Self-recognition, theory-of-mind, and self-awareness: What side are you on?

Alain Morin
2011 Laterality: Asymmetries of Body, Brain and Cognition  
A fashionable view in comparative psychology states that primates possess self-awareness because they exhibit mirror self-recognition (MSR), which in turn makes it possible to infer mental states in others ("Theory-of-Mind"; ToM). In cognitive neuroscience, an increasingly popular position holds that the right hemisphere represents the center of self-awareness because MSR and ToM tasks presumably increase activity in that hemisphere. In this chapter I critically assess these two claims as
more » ... s. MSR should not be equated with full-blown selfawareness; for instance, evidence suggests that MSR only requires kinesthetic self-knowledge and does not involve access to one's mental events. ToM and self-awareness are fairly independent and should also not be taken as equivalent notions; to illustrate, ToM implies a focus of attention on others, not on the self, whereas self-awareness exclusively entails self-focus. MSR and ToM tasks engage medial and left brain areas-not sites solely located in the right hemisphere, as recent meta-analyses of brain-imaging studies clearly show. Other selfawareness tasks besides MSR and ToM tasks (e.g., self-description, autobiography) mostly recruit medial and left brain areas. And inner speech, produced by the left hemisphere and which primates lack, plays a significant role in self-referential activity; indeed, accidental loss of inner speech following brain injury leads to self-awareness deficits. The conclusions I will reach based on this analysis is that (1) primates that display MSR most probably do not possess introspective self-awareness, and (2) self-related processes most likely engage a distributed network of brain regions situated in both hemispheres.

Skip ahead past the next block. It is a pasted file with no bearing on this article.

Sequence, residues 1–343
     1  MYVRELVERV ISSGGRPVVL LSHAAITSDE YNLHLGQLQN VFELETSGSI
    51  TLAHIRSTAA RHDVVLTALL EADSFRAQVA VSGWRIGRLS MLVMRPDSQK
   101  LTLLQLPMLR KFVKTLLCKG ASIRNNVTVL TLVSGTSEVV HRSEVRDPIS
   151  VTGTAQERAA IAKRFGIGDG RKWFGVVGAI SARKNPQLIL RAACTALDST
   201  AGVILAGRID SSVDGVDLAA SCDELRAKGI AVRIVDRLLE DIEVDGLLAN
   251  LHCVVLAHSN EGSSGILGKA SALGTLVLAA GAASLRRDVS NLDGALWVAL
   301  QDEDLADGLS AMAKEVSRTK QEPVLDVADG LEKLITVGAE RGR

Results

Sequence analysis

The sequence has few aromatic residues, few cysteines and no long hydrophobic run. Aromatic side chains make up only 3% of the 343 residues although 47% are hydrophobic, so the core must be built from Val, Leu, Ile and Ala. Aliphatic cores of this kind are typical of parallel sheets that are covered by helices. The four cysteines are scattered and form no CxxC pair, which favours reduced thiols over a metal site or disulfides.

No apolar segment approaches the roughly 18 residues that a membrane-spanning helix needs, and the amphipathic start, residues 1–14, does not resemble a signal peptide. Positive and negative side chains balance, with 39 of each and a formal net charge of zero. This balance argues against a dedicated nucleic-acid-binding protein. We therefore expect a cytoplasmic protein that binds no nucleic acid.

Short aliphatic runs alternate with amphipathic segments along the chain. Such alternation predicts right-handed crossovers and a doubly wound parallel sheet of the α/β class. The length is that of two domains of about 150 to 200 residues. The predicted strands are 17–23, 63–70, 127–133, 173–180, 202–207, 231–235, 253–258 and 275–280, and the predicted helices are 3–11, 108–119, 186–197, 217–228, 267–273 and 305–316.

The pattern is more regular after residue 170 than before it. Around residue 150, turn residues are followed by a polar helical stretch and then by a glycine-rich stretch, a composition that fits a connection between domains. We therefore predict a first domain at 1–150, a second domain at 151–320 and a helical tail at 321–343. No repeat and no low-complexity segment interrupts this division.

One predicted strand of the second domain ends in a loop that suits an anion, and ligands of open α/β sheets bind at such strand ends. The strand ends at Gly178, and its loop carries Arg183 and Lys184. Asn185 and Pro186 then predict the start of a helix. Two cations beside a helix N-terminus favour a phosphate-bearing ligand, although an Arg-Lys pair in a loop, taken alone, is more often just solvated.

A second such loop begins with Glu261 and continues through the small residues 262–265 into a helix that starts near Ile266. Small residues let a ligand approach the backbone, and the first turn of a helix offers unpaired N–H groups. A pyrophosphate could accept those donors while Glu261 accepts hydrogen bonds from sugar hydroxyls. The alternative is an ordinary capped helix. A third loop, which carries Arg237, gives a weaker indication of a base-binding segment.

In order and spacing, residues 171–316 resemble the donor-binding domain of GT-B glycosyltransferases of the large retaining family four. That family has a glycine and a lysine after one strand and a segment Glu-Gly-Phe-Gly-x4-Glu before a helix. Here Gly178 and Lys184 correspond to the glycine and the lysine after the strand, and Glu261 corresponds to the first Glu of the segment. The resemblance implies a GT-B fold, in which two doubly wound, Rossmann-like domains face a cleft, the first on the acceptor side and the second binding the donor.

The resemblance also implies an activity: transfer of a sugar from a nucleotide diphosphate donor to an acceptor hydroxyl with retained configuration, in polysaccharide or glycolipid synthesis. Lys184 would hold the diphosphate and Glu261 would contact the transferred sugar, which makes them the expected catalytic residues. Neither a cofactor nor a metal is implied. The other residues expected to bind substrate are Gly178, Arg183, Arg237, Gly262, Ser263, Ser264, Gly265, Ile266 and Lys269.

doi:10.1080/13576501003702648 pmid:21049317 fatcat:zwrulaxmvre43amjbpq6ptk45a